Despite all of this, the election commission announced official confirmed results on the evening of 28th July. The PTI enjoyed success across the country winning 115 seats in the national assembly, the PML-N took 64 and Pakistan People’s party grabbed 43.
The PTI needs 51 percent to secure government control at the federal level. Nonetheless, Khan is still having trouble securing the prime minister position, his party needs to form a coalition government to make it happen. All parties have rejected the election results except the PTI and the independent candidates. The All parties’ conference (APC) demanded a re-election, if there demands are not met they will not take their oaths. Constitutionally, it is mandatory to elect a Prime Minister within 21 days from polling day; that means by 15th August.
In such a scenario, the PPP is the only hope for addressing the complicated political situation, as it is considered the mother of Pakistani democracy; the party’s leadership was martyred to establish and strengthen democratic norms in the country. That’s why all anti-PTI/ establishment parties have offered premiership to the co-chairman of PPP, Asif Ali Zardari. Truthfully, Zardari is the most seasoned politician of Pakistan, as he returned to the national assembly after completing the first peaceful transfer of power during his presidency from 2008 to 2013. He was the man who made history helping to establish democracy of Pakistan. The PTI has requested the PPP to join the coalition government, but Mr. Zardri refused to make a political alliance with the PTI. Surprisingly, the chairman of the PPP, Bilawal Bhutto Zaradri, during his press conference regarding the rigged elections, announced himself as an opposition leader. He appealed to all political parties to participate in the parliament for sake of the continuity of Pakistani democracy.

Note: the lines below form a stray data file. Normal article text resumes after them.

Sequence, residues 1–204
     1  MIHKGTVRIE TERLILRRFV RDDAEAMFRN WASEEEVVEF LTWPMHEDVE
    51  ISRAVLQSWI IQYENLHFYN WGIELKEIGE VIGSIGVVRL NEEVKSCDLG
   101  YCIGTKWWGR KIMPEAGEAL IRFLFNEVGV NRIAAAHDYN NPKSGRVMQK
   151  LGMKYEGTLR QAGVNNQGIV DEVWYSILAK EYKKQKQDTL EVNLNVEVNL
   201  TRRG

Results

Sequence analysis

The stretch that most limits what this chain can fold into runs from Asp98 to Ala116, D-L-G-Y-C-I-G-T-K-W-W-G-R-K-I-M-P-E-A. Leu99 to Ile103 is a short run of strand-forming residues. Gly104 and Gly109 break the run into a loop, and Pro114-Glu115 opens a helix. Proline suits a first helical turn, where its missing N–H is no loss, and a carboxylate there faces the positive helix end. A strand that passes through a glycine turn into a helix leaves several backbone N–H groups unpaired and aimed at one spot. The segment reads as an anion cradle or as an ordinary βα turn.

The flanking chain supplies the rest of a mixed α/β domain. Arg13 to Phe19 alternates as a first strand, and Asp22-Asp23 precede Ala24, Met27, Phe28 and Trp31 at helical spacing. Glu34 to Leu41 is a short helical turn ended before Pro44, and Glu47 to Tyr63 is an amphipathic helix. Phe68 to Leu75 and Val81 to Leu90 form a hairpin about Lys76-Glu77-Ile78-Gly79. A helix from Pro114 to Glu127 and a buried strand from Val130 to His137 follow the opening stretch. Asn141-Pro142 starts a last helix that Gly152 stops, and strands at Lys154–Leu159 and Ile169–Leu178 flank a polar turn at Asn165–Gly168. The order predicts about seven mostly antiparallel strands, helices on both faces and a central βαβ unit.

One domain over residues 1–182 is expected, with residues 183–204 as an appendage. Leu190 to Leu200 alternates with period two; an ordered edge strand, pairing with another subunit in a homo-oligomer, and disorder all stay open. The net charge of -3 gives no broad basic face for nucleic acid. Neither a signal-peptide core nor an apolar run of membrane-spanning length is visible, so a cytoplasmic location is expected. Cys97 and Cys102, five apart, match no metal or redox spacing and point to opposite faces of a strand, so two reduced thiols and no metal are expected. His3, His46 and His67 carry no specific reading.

The only positive aspect of the current elections was that they provided Bilawal Bhutto Zardari to emerge as an important leader, not only for Pakistan but also for South Asia. Mr. Bilawal decided to bring up the election rigging issue on the floor of parliament rather than in the streets, he also appealed other political parties to remain engaged in parliamentary process.
Another interesting element of Pakistani politics is the number game. All eyes are on Mr. Zardari who is believed to be a master politician that gets things done. Numerically, the PPP can easily make a political alliance, as all parties offered premiership to the PPP to oppose the establishment.
Here are some possible scenarios if we run a number game on possible power plays in Pakistani politics:
Both political alliances are unable to form government as both needed 51 percent of the casted vote of the Member National Assembly. In this scenario, the following parties could play a pivotal role:
Pakistan Muslim League: 4
Muttehida Qaumi Movement: 6
Jamhori Wattan Party: 1
*Pakistani political history suggests that successful independent candidates usually put their weight in favor of the party forming the treasury benches.
At the time of writing this article, the PPP is holding opposition benches in the National Assembly. The PTI has already captured a mandate in the KP assembly like the PPP in Sindh, Whether Balochistan will work with the coalition government and Punjab yet to be decided.